Image

I have always felt that writing was a kind of magic, because when you open a book, you are held captive by the spell the writer has woven. The imaginary world that the author has created comes alive in your head, so it is quite literally a meeting of minds.

All writers are readers first. If you ever hear someone claim they want to write but they say that they don’t read, they are deluded. A writer who doesn’t read is as useless as a chef who doesn’t eat. If you are a reader who would like to write, then stay in touch, as this blog will feature writing tips, interviews with writers and writing workshops in the very near future.

If it’s something you have thought about doing, then why not give it a try? It not easy and it can be mind-meltingly frustrating but it can be also incredibly satisfying and fulfilling. Come on over to the dark side and join the writers… We are all mad here, but we have cookies.

Leopard Adventure by Anthony McGowan

Leave a comment

Image

This is the story of Amazon and Frazer, cousins who have been given the task of tracking down a rare type of leopard in the forests of Russia. Frazer brings his cousin to America, before they head off on their adventure. This is their first time meeting as their fathers had a falling out years before.

Amazon learns on this trip to America all about her uncles’ foundation, which is involved in the protection and conservation of rare animals. When they arrive in Russia, they head off on their unusual journey which leads them through the Siberian jungle. This leads to a deadly game of cat and mouse with an injured tiger and a roller coaster of emotions!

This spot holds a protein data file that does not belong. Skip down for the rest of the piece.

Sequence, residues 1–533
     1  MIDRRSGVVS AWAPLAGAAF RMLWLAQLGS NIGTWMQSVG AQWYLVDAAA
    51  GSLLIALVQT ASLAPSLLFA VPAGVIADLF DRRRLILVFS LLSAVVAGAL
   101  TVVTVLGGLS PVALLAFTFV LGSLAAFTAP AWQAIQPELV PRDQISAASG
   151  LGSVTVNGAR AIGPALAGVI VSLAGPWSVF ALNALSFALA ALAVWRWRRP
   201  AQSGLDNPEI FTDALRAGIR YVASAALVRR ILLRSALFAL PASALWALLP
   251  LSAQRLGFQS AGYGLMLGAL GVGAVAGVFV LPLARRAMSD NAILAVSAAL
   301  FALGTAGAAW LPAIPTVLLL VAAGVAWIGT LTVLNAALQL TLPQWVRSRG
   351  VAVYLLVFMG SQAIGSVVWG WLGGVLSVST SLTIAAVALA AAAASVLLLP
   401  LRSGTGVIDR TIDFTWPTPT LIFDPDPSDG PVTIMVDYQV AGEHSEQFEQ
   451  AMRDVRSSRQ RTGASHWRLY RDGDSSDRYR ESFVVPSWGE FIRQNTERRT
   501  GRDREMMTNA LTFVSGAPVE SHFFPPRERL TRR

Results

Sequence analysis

I loved the style of writing which switched from the human’s to the tiger’s. It kept the book interesting all the way through and there were a few twists and turns along the way to keep the reader interested. The book also has rough drawings every now and again which I really liked. Fans of Eoin Colfer and Derek Landy will enjoy this book and I would recommend it to my friends and relations of similar age.

Leopard Adventure is out now from Puffin Books

Guest Reviewer: Finn Madden, aged 13

Missing Ellen by Natasha Mac a’ Bhaird

1 Comment

https://inkandpaperhearts.files.wordpress.com/2013/08/9319d-missingellen.jpg

Missing Ellen was such a great read. My only complaint is that it was actually too short! I want more! This book deals with a girl named Maggie who writes letters to her best friend, Ellen while she attends school without her. Outside of the letters, Maggie provides a blow-by-blow account of events leading up to… no, sorry, I can’t tell you. It’ll ruin the book!

The character of Ellen is so well executed, it feels like I know her in real life. I think that everyone has a friend like Ellen – someone who is mad and impulsive about all the right things in life but sadly, all the wrong things too. Whether you are more similar to Maggie, who wants to please Ellen so badly and be cool, or whether you are like Ellen, a girl who just wants to have fun, this book will speak volumes to you about friendships between girls and how delicate they really are. I look forward to the next book from this author, just please make it longer next time!